For years, football has been known to be a game of
To know just how serious this is, you must listen to
analysis of soccer matches by commentators, experts and the coaches of the two
sides after a game .
Given this, I found it very mischievous of the US
Attorney General Loretta to include South Africa in the FIFA Indictment
that saw about 14 football officials being arrested.
In part, the indictment insinuates that South Africa
paid $10 million or R120 million in today's terms, in bribes to get the right
to host the 2010 Soccer World Cup.
According to the dossier, the money was paid in 2008,
two years before the event took place in South Africa and it came from FIFA
coffers and went directly into Concacaf bank accounts.
Those involved have pointed out that South Africa was
awarded the rights to host the World Cup on May 14, 2004. They question then
why the bribes - if there were any - would be paid four years later.
However, that is not the point of this column.
The problem I have with the Americans, is them
mentioning South Africa at all. They say their investigation started in
December 2014. It culminated in arrests of those who have something to answer
in US courts.
They, and their countries were never mentioned before
they were arrested. So why treat South Africa differently?
All the mention of the $10 million plus the two South
African individuals only listed as Co-conspirator #15 and #16 has done is create a lot of speculation.
Both the SA government and the individuals involved with
the 2006 bid committee and 2010 bid committee and the Local Organising
Committee now find themselves in a position where they need to explain
South African Football Association (SAFA) spokesperson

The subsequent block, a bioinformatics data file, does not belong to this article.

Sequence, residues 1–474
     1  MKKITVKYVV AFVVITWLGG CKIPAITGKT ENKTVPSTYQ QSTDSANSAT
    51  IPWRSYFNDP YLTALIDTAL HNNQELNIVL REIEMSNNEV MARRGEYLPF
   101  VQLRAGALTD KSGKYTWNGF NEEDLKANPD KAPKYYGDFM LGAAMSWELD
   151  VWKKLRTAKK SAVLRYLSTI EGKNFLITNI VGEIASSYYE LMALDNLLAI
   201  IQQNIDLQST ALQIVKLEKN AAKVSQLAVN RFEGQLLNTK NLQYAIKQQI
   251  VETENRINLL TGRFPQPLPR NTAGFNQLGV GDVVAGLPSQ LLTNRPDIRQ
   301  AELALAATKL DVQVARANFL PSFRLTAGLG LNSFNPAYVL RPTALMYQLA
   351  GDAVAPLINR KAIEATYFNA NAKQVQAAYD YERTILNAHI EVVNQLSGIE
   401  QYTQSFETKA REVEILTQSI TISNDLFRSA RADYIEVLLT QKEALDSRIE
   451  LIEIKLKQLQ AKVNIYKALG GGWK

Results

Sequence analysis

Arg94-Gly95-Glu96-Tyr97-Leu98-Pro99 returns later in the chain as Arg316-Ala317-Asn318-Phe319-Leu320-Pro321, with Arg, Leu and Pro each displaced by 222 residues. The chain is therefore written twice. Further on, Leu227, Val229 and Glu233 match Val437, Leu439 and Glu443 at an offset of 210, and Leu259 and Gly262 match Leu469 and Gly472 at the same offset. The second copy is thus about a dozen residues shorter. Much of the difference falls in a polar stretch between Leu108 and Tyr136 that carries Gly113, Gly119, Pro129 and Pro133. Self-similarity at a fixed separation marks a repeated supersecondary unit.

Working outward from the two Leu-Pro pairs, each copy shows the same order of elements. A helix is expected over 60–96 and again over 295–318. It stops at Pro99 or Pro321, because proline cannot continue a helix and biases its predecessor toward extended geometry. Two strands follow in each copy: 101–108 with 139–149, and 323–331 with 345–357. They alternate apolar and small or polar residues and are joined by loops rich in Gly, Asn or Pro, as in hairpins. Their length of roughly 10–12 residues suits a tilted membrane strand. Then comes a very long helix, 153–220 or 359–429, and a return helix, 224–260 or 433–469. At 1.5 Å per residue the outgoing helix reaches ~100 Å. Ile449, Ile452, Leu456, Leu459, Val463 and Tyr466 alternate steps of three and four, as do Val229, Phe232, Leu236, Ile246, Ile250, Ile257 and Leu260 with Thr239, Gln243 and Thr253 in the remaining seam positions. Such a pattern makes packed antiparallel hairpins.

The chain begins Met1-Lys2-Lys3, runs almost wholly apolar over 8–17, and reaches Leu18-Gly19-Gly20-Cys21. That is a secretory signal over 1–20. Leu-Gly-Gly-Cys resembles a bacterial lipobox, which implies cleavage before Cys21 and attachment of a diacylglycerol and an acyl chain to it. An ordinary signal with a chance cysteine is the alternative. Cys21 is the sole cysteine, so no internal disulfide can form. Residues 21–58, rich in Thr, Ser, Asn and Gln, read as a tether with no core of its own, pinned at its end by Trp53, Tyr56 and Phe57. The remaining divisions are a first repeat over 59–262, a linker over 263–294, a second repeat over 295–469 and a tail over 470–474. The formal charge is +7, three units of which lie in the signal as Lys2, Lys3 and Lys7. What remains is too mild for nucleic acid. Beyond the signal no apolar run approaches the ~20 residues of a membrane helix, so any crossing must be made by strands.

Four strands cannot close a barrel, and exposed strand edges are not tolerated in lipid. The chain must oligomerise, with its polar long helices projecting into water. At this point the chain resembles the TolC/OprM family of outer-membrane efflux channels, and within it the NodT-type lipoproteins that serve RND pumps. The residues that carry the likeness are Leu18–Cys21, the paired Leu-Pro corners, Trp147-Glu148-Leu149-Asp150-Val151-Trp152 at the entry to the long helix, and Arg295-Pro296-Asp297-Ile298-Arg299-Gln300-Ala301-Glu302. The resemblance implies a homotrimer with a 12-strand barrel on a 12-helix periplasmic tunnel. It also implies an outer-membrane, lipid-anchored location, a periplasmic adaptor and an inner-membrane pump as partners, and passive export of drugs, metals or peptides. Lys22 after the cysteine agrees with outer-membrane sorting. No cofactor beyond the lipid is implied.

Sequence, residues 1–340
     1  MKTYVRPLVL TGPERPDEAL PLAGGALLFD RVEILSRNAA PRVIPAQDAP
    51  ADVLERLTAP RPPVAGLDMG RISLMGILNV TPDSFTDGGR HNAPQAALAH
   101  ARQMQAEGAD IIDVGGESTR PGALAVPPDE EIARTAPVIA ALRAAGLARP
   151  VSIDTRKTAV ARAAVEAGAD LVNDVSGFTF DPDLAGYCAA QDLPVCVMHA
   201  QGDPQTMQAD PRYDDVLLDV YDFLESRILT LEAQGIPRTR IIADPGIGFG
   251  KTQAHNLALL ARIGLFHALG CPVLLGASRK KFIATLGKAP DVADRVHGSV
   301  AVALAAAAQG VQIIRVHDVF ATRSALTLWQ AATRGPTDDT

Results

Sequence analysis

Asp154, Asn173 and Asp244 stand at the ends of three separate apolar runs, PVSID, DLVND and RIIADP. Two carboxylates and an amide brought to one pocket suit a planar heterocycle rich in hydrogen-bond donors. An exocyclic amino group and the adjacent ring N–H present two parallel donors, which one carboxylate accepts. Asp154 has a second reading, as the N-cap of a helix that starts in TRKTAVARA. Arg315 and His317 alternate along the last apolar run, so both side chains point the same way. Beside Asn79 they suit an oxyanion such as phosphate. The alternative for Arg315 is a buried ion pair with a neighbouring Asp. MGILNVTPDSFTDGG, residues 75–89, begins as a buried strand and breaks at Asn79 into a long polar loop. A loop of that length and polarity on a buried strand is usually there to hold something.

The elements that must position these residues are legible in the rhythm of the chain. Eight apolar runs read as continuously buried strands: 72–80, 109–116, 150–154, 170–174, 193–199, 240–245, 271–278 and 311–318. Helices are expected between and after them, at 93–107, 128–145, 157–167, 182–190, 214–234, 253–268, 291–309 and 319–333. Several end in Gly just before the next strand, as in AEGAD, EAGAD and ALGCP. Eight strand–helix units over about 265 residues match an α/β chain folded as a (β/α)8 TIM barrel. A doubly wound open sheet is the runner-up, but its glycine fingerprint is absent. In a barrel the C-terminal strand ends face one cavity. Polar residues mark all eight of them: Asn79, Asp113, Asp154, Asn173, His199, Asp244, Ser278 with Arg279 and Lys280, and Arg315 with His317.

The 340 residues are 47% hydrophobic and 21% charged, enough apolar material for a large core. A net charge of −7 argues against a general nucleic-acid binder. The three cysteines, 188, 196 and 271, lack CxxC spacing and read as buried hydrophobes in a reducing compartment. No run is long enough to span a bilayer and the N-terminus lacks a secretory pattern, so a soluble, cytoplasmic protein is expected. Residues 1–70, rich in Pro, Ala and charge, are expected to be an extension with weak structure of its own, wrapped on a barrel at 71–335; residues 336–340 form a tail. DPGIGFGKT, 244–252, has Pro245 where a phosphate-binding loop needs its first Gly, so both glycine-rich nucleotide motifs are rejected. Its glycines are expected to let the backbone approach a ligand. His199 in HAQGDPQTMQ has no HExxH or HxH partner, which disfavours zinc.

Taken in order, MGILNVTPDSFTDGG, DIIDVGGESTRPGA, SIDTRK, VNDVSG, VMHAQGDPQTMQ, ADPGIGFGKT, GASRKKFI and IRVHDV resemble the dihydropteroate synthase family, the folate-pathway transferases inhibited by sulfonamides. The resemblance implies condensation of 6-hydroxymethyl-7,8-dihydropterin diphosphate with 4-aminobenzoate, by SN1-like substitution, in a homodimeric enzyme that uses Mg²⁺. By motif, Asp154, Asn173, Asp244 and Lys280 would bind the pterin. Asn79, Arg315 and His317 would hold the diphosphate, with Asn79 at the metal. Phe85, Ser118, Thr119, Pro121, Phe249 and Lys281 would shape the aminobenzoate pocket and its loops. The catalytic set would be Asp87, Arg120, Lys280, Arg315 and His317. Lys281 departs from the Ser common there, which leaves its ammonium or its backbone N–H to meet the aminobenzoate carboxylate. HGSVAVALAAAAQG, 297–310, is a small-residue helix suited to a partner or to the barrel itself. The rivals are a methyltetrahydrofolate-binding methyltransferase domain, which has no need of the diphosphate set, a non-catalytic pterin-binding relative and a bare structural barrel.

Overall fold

Dominic Chimhavi's initial statement was to dismiss the allegations as
Fikile Mbalula issued a statement exonerating the government from any
And then on the last paragraph of his statement, he
added: "As this is a matter of national importance, we
call upon all who were involved in the process of bidding and execution of the
2010 FIFA World Cup to desist from making statements and to afford the National
Government of the Republic of South Africa through the Ministry and
Department of Sport and Recreation to handle this matter through the
What this meant, is that the
individuals whose names have been mentioned in the media as the possible Co-conspirator
#15 and #16 could no longer says anything on the matter.
While the Americans have undermined
the sovereignty of this country, I think it also flies against democracy to
deprive people the right to have a say when their names are mentioned in the
same breath with some shenanigans, speculation or not.
While the government deals with the
US on diplomatic levels - government to government - the individuals mentioned
in the media should not be gagged from commenting in the matter.
As things stand, South Africa's
2006 bid committee and the 2010 bid committee as well as the LOC have been painted
in a bad light by the US.
A perception has been created that
there was something underhand with how South Africa handled their bid and
winning the rights to host the 2010 event, which also plays into the perception
of FIFA as a corrupt organisation that has been created over years.
As mentioned at the beginning of
this column, perceptions are very easily created, especially in football.
The US needs to come clean with its
allegations and back them up but in
the meantime let the people who were involved with the bid, LOC and
S’Busiso Mseleku is regarded as one of Africa's leading
sports journalists and an authority on football. He has received some of
the biggest awards in a career spanning well over 20 years. He is
currently City Press Sports Editor.
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